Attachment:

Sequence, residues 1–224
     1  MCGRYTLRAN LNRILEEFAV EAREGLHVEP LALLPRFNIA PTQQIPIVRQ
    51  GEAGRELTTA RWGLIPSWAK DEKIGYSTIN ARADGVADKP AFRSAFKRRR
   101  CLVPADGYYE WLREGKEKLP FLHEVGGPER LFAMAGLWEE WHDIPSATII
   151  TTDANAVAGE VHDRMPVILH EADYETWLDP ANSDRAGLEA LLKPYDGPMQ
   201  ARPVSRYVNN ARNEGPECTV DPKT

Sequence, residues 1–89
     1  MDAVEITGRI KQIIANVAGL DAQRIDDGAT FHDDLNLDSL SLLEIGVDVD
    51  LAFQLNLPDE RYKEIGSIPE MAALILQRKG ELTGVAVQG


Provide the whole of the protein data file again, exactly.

Sequence, residues 1–224
     1  MCGRYTLRAN LNRILEEFAV EAREGLHVEP LALLPRFNIA PTQQIPIVRQ
    51  GEAGRELTTA RWGLIPSWAK DEKIGYSTIN ARADGVADKP AFRSAFKRRR
   101  CLVPADGYYE WLREGKEKLP FLHEVGGPER LFAMAGLWEE WHDIPSATII
   151  TTDANAVAGE VHDRMPVILH EADYETWLDP ANSDRAGLEA LLKPYDGPMQ
   201  ARPVSRYVNN ARNEGPECTV DPKT

Sequence, residues 1–89
     1  MDAVEITGRI KQIIANVAGL DAQRIDDGAT FHDDLNLDSL SLLEIGVDVD
    51  LAFQLNLPDE RYKEIGSIPE MAALILQRKG ELTGVAVQG